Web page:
Super Bowl, Super Dip
Meet the new star of your game day spread
Written by Lia Grabowski | Photos by Jonathan Boncek
Forget store-bought dips and packets of powdered mix: Making homemade onion dip from scratch is a cinch. The key is perfectly caramelizing the onions, a skill any home cook can master with a little patience (and when you realize how easy they are to make, you’ll be whipping them up for everything from french onion soup to grilled cheese sandwiches). Start with the right tools: A wide pan is key—it gives the onions breathing room and allows the liquid they release to evaporate (steam is not your friend here).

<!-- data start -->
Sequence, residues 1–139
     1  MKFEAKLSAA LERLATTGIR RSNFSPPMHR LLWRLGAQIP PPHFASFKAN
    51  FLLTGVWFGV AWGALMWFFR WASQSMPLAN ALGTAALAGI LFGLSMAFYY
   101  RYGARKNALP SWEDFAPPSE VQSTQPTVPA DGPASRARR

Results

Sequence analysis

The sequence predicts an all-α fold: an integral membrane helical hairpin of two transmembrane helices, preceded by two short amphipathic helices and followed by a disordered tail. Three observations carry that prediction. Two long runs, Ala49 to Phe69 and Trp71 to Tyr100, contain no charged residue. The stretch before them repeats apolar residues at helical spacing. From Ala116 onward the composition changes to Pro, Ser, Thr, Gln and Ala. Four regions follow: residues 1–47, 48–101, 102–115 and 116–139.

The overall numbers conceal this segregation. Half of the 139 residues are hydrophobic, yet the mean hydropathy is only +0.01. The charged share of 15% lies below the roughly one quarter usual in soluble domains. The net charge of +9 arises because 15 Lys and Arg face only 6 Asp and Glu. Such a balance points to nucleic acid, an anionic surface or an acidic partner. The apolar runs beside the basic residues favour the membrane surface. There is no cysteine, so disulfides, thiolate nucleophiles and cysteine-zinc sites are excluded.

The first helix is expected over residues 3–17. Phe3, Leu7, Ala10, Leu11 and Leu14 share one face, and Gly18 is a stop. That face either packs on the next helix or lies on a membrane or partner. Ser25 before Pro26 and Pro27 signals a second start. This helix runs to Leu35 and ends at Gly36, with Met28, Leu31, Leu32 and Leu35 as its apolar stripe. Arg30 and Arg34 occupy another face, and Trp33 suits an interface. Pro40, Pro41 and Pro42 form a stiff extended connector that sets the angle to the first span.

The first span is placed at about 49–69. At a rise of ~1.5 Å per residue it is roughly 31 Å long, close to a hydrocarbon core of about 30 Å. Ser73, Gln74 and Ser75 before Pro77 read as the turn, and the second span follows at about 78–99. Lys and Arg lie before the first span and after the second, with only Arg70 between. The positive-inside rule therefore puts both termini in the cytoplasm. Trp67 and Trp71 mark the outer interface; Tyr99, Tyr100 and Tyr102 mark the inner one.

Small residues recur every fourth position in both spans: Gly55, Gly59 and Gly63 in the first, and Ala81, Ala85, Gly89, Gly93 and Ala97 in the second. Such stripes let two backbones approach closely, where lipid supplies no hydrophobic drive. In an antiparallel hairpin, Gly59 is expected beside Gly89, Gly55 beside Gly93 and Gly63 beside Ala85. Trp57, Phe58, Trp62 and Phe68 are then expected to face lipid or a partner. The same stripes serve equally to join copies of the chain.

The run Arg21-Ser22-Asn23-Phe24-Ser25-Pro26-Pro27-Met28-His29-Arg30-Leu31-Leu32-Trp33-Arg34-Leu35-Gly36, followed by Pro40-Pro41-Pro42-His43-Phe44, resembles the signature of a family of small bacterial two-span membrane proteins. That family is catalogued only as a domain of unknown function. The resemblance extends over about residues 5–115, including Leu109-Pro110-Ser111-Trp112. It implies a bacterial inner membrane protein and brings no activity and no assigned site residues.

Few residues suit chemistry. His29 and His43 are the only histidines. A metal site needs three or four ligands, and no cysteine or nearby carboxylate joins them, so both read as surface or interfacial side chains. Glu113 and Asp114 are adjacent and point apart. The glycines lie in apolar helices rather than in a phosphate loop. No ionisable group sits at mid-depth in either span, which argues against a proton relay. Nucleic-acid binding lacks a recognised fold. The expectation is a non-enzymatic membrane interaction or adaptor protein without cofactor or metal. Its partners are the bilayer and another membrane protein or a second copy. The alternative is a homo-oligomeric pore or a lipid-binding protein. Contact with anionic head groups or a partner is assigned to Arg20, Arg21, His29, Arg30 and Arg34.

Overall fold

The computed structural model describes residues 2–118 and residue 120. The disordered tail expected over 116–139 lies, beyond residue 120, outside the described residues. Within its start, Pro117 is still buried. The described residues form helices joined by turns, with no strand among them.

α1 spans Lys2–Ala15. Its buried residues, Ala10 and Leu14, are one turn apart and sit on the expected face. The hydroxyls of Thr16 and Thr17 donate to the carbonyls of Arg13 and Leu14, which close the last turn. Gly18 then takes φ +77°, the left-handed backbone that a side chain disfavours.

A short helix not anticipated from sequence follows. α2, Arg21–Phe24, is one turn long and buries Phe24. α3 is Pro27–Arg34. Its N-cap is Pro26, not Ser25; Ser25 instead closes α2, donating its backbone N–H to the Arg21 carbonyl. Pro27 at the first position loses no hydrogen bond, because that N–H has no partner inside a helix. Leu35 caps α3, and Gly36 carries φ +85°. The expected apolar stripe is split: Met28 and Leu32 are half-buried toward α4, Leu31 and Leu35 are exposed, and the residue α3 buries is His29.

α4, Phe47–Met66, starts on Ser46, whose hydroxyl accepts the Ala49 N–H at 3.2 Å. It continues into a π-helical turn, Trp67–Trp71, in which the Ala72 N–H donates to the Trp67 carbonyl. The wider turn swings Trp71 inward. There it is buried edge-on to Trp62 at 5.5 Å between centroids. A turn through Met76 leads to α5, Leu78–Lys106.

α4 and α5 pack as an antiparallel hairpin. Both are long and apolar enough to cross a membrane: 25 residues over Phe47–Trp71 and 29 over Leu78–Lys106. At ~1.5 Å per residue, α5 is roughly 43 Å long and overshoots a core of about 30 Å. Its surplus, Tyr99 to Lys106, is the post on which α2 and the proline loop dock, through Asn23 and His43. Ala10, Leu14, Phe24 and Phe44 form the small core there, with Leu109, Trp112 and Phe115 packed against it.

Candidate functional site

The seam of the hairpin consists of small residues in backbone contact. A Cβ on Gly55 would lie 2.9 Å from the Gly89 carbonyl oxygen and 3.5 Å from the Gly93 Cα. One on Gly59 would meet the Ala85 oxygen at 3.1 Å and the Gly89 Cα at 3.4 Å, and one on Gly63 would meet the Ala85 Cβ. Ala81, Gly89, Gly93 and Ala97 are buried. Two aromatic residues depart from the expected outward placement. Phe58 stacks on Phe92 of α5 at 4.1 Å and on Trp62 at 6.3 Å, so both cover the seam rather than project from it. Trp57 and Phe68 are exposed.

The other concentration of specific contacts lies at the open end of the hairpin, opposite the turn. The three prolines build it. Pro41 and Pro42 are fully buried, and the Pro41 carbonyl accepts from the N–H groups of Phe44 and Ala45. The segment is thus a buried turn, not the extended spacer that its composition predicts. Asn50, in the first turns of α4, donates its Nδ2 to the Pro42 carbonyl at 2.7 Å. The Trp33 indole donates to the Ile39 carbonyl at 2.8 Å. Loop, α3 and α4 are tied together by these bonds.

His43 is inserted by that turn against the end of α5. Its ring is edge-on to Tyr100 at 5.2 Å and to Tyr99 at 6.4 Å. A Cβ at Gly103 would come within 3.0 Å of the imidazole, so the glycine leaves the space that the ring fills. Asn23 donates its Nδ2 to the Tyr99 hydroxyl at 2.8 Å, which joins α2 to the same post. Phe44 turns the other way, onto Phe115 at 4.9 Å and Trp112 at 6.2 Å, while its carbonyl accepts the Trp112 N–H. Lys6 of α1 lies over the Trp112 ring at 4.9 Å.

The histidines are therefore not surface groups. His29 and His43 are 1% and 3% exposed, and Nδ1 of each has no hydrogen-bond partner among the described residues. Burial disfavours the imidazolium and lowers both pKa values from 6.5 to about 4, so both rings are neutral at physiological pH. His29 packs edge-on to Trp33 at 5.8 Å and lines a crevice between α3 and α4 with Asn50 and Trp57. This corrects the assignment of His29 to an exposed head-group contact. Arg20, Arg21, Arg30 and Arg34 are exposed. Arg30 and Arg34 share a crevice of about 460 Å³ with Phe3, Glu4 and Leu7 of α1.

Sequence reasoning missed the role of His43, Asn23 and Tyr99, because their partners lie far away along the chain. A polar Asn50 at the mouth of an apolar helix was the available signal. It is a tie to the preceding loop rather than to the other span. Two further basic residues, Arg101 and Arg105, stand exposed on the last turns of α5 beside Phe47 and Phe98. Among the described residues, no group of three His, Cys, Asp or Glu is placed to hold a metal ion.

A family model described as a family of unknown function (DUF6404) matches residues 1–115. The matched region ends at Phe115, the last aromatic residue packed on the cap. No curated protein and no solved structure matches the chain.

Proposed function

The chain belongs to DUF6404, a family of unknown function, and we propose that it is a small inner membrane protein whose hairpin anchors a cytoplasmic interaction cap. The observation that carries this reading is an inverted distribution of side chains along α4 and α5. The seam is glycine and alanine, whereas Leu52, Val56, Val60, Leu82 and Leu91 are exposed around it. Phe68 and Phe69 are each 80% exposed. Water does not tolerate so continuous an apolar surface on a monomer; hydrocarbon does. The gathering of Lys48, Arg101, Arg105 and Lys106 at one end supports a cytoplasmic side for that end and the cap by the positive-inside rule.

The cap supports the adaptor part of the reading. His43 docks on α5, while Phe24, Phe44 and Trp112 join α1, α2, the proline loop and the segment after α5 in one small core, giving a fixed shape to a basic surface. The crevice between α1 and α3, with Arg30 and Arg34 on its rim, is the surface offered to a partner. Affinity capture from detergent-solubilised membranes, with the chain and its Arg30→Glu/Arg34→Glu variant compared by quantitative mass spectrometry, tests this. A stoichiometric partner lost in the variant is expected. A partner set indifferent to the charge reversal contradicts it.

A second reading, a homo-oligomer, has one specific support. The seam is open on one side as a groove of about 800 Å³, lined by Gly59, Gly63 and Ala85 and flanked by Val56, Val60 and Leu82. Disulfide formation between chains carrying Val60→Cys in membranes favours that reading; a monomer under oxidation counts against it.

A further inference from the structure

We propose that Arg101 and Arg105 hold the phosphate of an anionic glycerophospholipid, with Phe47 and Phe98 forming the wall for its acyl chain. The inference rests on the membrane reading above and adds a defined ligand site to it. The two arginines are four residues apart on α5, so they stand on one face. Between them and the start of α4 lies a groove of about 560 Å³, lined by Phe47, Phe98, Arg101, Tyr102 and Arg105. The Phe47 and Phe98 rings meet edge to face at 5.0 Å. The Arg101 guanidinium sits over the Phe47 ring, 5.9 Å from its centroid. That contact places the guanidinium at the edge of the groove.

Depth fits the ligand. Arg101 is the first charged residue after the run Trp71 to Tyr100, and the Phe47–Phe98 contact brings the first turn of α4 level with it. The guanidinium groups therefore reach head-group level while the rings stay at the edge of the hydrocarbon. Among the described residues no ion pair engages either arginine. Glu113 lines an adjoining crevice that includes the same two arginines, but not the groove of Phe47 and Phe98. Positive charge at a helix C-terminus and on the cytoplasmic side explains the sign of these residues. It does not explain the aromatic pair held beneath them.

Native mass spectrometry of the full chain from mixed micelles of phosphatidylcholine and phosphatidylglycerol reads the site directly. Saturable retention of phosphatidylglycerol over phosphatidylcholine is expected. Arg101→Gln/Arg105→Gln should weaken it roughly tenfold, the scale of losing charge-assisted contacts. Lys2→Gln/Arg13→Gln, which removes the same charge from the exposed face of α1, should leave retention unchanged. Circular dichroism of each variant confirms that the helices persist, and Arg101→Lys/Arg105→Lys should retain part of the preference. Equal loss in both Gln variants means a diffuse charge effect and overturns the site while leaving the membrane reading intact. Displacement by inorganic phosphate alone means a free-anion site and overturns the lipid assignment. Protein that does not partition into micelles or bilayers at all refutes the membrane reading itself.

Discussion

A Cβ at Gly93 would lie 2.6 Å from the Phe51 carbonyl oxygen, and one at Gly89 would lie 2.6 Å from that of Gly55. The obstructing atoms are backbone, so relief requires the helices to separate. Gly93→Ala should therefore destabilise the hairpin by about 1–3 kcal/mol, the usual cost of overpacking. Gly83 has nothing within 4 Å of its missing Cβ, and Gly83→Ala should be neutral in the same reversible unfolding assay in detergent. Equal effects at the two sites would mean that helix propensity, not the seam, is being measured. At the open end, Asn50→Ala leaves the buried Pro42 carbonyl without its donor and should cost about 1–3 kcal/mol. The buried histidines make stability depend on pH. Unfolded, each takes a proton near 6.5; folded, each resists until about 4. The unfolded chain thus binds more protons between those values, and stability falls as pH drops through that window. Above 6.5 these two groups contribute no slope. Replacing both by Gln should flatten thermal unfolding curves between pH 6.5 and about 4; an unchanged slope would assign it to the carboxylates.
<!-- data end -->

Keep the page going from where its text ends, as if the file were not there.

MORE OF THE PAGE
Take your time; browned and caramelized are not the same thing. As with so many great Southern recipes, low and slow is the name of the game. You want to let the sugars in the onions break down and develop earthy sweetness, rather than a toasted or burnt flavor. And don’t be afraid to let them sit; constant stirring simply doesn’t make for better food. Keep a watchful eye and lower the heat if the onions are browning too quickly. Once they’ve softened and deepened in color to a rich golden brown, deglaze the pan with a splash of white wine or water to bring out even more flavor. The liquid helps release stuck-on onion bits and sugar residue from the bottom of the pan, which will then reincorporate with the rest of the onions. Now you’re in the home stretch. But don’t mix the dip with hot onions—melted sour cream and mayonnaise will mean a soupy end product. Instead, set the onions aside to cool to room temperature first. Make this dip the day before serving to let the flavors meld overnight, and watch it disappear by halftime.